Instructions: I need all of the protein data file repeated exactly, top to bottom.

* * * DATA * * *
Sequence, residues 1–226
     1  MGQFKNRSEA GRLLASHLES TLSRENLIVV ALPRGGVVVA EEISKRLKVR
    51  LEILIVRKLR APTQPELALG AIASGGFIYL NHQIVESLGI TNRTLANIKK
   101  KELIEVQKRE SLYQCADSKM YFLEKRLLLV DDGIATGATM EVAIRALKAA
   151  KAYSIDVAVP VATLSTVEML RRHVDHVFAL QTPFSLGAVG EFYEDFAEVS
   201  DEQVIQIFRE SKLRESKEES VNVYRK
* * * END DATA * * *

Sequence, residues 1–226
     1  MGQFKNRSEA GRLLASHLES TLSRENLIVV ALPRGGVVVA EEISKRLKVR
    51  LEILIVRKLR APTQPELALG AIASGGFIYL NHQIVESLGI TNRTLANIKK
   101  KELIEVQKRE SLYQCADSKM YFLEKRLLLV DDGIATGATM EVAIRALKAA
   151  KAYSIDVAVP VATLSTVEML RRHVDHVFAL QTPFSLGAVG EFYEDFAEVS
   201  DEQVIQIFRE SKLRESKEES VNVYRK